Heavy Tooth Wear Can Change the Shape of the Jaw
Wednesday, October 09, 2013
ZURICH, SWITZERLAND—Tooth wear and the age of the individual at the time of death can modify the shape of a hominid’s mandible, according to Ann Margvelashvili of the University of Zurich. She and her team examined four 1.77 million-year-old jaws discovered at the site of Dmanisi in the Republic of Georgia, and found that that the high degree of variation among the individuals’ teeth could be attributed to gum disease and the use of toothpicks. “Progressive tooth wear triggers bone remodeling processes that substantially modify the shape of the jaw during an individual’s lifetime. These effects are typically underestimated when attributing fossil hominid jaws to different species,” she explained.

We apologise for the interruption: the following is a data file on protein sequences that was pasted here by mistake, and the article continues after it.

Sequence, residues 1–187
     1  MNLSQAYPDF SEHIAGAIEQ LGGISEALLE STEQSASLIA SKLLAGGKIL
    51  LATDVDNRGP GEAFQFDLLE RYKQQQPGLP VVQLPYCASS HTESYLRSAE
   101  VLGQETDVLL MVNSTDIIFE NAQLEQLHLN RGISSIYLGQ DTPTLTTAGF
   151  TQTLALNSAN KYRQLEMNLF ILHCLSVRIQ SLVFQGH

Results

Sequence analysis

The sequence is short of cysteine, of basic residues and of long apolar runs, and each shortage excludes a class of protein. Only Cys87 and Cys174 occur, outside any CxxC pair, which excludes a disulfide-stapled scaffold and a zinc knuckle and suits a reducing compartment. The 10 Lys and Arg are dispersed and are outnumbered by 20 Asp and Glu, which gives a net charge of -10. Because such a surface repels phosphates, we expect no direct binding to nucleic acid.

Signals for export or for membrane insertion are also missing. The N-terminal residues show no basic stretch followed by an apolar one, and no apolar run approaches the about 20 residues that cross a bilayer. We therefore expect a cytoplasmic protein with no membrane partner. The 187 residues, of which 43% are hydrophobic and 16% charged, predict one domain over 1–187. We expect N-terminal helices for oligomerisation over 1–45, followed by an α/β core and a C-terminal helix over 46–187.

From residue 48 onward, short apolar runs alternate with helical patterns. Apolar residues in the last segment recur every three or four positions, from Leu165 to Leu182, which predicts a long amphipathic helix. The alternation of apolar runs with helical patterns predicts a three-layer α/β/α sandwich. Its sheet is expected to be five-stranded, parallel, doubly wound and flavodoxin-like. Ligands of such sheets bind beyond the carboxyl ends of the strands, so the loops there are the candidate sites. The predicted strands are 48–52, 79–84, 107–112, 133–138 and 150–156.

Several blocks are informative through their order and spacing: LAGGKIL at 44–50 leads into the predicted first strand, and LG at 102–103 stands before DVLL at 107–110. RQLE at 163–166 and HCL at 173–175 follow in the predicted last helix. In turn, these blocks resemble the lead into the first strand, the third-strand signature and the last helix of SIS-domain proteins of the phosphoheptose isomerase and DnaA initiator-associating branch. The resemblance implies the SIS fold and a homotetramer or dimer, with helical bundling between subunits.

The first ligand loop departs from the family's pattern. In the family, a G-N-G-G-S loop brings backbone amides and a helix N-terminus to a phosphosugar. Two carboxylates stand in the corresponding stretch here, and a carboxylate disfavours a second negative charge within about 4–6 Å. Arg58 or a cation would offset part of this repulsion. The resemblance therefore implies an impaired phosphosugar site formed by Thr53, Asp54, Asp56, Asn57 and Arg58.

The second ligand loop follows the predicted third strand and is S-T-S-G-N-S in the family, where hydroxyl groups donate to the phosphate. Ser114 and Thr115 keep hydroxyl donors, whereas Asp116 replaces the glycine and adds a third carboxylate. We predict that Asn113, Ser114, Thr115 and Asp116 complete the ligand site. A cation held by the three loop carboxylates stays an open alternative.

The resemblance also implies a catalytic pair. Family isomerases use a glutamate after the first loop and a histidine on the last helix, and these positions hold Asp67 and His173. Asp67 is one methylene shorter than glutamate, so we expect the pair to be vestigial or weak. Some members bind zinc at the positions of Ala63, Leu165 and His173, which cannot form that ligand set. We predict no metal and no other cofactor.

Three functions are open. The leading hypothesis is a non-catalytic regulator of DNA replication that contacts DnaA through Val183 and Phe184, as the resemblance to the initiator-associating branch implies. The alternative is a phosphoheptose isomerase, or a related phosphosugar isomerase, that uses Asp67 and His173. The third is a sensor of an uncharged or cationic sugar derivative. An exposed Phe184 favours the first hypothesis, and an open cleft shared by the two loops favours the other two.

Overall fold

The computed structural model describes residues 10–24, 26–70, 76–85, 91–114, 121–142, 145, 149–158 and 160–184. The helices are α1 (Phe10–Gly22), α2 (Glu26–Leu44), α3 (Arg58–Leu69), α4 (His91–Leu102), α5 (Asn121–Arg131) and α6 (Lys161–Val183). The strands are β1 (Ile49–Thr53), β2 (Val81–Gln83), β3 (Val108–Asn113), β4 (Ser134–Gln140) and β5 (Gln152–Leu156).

IN THE CURRENT ISSUE
From the Trenches
Badgers for dinner in Neolithic Spain, the search for Doctor Syntax, a rare coffin emerges in Egypt, Ukraine’s prehistoric McMansions, and fishing for Homo erectus